Needless to say, when our guys arrived onsite, they had their work cut out for them. Not only did they have to grasp the intricacies of the application, including its complex integration with various existing systems; they also had to introduce the in-house team to a completely new process. Naturally, this transition to Agile had its share of humorous quirks. For example, one morning early on the client’s Project Manager was taken by surprise when our guys asked him where they could get some screwdrivers. When asked why, they explained matter-of-factly that they wanted to take down the cubicle partitions to allow space for pair programming. The same Project Manager also quickly noticed how restless our Tech Leads were getting during the daily stand-ups. When he probed them about it, they said that they were anxious to get back to work, because those meetings routinely lasted over 50 minutes. (I’m not even sure those were real stand-up meetings – how can anyone stand around discussing things for an hour?? After all, keeping things short and to the point is exactly what stand-ups are designed to accomplish!). Acknowledging their frustration, the Project Manager then explained that even keeping meetings to an hour was setting a world land speed record in this client’s office culture.
What’s noteworthy is how drastically the customer changed their approach to costs, going from the emphasis on low rates and a fully offshore team to a more expensive vendor (our offshore rates were 50% higher), plus bringing the team onsite for several months. So, did this radical shift pay off?
Well, let’s see. The new Data Management platform was successfully delivered in 8 months, 3 months faster than expected (!!), and the customer acknowledged that code quality of the final deliverable exceeded the code quality of all previous projects implemented at the company. Two points for Scrum. But that’s not even the most interesting part. The system actually contained 40% more features than originally specified, delivered at the expense of features that the customer found were no longer needed, based on changing market conditions. The customer admitted that without the new features, the original specification would probably have been delivered as shelfware. Clearly, this was only possible because the Scrum team was delivering working code for business user review, validation and feedback every two weeks, and because this incremental, iterative approach allowed for a more thorough and granular analysis of requirements from the standpoint of their business value, and for the ability to make continual changes to the product backlog. There is no way waterfall could have allowed that without incurring enormous costs.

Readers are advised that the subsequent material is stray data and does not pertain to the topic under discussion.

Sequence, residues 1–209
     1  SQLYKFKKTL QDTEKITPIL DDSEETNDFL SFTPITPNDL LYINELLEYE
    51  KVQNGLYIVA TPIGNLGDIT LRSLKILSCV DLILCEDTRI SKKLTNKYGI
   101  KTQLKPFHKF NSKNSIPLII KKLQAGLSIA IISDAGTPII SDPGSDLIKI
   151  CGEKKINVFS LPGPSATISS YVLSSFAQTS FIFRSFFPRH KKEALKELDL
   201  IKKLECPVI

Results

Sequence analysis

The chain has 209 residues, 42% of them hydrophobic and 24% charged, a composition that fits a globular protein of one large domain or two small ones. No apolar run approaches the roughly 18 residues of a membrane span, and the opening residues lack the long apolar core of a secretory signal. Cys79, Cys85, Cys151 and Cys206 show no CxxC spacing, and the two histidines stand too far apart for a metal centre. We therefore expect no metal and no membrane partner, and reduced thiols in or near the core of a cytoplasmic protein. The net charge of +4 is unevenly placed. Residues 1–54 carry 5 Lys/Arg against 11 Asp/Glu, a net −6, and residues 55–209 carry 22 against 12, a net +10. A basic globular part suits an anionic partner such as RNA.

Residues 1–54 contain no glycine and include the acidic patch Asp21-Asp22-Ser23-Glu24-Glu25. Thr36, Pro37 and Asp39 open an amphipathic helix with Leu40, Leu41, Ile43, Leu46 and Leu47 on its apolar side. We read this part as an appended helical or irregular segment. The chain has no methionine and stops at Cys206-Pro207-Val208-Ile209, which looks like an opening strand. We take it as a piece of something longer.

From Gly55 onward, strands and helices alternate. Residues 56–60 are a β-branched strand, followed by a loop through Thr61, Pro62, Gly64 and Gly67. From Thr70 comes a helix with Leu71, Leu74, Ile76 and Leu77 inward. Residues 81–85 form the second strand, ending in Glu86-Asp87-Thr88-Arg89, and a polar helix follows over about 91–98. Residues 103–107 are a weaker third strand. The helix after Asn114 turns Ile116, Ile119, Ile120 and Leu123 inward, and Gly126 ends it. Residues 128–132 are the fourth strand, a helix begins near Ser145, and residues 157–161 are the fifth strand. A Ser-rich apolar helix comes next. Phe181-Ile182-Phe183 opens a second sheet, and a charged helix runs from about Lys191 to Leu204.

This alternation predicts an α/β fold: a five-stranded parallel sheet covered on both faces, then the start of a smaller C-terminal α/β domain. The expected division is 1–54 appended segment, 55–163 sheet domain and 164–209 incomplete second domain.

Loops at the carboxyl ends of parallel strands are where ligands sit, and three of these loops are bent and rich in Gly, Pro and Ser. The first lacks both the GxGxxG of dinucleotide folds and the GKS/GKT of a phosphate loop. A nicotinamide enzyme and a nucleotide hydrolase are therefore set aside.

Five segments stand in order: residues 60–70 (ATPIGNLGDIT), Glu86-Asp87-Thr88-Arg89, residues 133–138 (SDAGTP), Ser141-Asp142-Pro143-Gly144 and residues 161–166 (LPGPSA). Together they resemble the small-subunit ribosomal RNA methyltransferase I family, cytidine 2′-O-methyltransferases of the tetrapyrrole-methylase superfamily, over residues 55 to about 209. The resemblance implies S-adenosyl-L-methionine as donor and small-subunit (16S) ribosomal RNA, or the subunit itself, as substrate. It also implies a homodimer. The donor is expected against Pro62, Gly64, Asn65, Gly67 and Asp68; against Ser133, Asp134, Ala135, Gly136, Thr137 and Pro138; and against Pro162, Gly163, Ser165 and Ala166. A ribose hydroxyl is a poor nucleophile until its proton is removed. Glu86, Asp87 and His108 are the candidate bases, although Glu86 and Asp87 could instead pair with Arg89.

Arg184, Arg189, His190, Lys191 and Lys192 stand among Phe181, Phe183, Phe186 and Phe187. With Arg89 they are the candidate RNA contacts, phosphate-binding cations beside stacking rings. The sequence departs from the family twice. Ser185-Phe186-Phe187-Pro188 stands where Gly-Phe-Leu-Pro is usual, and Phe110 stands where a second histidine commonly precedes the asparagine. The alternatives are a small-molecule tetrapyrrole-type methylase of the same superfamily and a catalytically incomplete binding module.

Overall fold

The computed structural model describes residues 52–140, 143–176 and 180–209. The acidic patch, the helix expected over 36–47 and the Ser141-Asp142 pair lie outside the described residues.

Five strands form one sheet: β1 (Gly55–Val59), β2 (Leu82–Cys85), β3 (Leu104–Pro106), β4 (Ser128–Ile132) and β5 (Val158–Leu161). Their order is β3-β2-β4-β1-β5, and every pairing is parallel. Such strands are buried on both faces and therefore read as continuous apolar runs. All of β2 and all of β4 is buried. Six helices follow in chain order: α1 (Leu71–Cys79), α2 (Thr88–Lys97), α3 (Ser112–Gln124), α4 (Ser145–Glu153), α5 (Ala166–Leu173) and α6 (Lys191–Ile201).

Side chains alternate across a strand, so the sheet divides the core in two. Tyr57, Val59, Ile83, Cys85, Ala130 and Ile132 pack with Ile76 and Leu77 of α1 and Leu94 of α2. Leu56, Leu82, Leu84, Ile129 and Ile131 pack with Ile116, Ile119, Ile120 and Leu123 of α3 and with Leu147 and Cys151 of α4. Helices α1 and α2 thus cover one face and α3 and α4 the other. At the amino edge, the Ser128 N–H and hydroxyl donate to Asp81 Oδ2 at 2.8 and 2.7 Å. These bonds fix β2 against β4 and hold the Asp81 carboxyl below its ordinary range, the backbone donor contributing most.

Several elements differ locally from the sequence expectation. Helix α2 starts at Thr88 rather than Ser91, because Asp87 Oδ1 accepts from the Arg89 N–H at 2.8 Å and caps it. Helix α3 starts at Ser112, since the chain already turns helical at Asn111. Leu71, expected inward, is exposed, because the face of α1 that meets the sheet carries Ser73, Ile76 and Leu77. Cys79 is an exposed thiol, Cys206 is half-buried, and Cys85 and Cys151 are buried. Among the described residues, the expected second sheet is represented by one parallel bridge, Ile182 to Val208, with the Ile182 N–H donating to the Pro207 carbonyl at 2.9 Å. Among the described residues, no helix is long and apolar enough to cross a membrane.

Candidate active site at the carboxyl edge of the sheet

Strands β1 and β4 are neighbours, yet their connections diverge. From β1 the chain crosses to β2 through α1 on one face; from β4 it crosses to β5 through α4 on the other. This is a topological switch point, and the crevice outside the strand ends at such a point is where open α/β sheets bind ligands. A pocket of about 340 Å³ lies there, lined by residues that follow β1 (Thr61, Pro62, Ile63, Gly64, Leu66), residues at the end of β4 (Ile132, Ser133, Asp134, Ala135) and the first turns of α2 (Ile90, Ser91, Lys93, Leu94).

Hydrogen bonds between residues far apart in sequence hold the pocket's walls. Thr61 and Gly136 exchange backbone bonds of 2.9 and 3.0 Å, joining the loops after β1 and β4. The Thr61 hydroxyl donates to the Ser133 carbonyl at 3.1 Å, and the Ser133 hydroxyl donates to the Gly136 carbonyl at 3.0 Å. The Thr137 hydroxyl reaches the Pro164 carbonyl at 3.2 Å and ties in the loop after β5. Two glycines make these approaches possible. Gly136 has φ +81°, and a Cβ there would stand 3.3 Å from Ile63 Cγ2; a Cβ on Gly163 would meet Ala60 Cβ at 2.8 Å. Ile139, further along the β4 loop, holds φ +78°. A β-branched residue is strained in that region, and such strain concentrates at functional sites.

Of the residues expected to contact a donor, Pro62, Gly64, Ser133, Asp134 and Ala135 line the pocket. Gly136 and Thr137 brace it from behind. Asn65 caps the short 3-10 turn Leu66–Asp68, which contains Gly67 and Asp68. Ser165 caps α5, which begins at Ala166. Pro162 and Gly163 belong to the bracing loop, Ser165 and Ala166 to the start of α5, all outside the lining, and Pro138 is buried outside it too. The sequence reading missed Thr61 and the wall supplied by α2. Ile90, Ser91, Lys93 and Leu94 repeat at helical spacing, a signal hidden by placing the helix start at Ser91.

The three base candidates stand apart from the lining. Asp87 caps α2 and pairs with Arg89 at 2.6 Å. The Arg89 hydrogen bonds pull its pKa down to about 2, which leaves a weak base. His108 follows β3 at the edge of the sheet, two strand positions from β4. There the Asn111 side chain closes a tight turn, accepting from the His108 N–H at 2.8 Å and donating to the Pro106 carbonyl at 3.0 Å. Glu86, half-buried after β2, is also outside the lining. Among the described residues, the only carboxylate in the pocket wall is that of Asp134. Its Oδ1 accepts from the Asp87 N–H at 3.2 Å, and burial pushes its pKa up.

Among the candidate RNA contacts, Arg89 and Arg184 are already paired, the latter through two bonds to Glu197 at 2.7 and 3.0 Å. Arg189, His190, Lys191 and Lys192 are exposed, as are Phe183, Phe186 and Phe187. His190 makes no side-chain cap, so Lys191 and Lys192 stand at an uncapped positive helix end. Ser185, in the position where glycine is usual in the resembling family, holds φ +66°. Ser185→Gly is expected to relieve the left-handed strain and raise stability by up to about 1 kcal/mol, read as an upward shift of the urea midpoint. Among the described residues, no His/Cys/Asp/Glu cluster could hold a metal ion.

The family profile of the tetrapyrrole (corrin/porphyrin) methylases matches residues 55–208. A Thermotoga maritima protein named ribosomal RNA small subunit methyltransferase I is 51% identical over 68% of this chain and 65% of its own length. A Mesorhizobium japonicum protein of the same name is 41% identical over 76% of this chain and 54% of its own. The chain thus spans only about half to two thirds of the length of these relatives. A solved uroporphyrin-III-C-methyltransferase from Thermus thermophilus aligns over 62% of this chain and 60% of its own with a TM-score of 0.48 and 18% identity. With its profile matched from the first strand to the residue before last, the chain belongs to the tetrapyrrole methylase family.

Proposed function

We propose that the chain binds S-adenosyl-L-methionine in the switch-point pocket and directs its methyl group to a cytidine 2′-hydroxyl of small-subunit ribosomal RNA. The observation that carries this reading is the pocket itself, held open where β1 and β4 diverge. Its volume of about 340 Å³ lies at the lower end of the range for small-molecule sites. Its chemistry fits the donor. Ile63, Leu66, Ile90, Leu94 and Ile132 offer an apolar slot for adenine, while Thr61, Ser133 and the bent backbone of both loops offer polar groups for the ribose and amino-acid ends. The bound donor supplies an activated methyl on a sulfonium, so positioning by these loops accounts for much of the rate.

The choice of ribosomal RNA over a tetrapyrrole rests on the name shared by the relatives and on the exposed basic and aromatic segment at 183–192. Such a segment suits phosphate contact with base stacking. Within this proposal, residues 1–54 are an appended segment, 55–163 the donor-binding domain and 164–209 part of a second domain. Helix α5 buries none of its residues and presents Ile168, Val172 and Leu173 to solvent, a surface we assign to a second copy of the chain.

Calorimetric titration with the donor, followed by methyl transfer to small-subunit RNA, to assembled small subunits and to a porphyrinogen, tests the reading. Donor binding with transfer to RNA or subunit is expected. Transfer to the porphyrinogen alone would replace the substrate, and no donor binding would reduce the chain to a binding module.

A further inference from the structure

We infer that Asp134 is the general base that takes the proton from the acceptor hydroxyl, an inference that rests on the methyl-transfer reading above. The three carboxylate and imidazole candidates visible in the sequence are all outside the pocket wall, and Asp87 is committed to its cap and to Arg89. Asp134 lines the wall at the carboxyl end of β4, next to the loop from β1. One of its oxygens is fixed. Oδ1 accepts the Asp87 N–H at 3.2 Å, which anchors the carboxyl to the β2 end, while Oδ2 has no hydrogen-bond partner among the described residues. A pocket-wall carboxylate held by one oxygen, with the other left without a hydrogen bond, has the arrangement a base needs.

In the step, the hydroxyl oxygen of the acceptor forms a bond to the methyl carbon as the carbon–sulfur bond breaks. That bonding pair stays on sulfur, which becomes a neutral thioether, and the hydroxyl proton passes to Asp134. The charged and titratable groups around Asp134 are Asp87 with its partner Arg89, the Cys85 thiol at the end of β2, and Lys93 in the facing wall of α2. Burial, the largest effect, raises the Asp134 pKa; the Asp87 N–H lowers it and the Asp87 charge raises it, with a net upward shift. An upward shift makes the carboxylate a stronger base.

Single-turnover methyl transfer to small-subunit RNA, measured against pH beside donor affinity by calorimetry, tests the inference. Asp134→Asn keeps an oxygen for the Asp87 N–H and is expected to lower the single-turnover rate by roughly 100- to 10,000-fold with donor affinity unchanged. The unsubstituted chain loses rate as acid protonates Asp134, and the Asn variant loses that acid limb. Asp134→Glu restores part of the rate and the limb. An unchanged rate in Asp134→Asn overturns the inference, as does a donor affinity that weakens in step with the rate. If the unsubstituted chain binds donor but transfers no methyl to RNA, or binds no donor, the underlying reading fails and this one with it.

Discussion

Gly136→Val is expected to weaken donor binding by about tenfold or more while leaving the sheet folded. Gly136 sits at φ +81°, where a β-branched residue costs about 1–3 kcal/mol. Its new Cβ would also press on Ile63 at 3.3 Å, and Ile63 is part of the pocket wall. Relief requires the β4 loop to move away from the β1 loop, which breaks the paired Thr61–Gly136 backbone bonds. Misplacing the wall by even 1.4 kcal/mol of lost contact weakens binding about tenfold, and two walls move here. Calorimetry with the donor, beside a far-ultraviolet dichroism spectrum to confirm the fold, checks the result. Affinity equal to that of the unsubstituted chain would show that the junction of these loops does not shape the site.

(As an aside, the client agreed that the team could work offshore after only two months onsite, based on their performance. And those two extra developers who were expected to wash out? Well, since no one was replaced, the two were re-assigned to another one of the client’s troubled projects.)
The project made such a strong impression within the client’s organization that as a consequence, the CIO mandated that all future projects valued at more than $400K be delivered using Agile, and initiated a company-wide Agile training program.
P.S. As an added bonus for us, we were later awarded a separate $2.7M sole-sourced project. Now that’s what I call a win-win.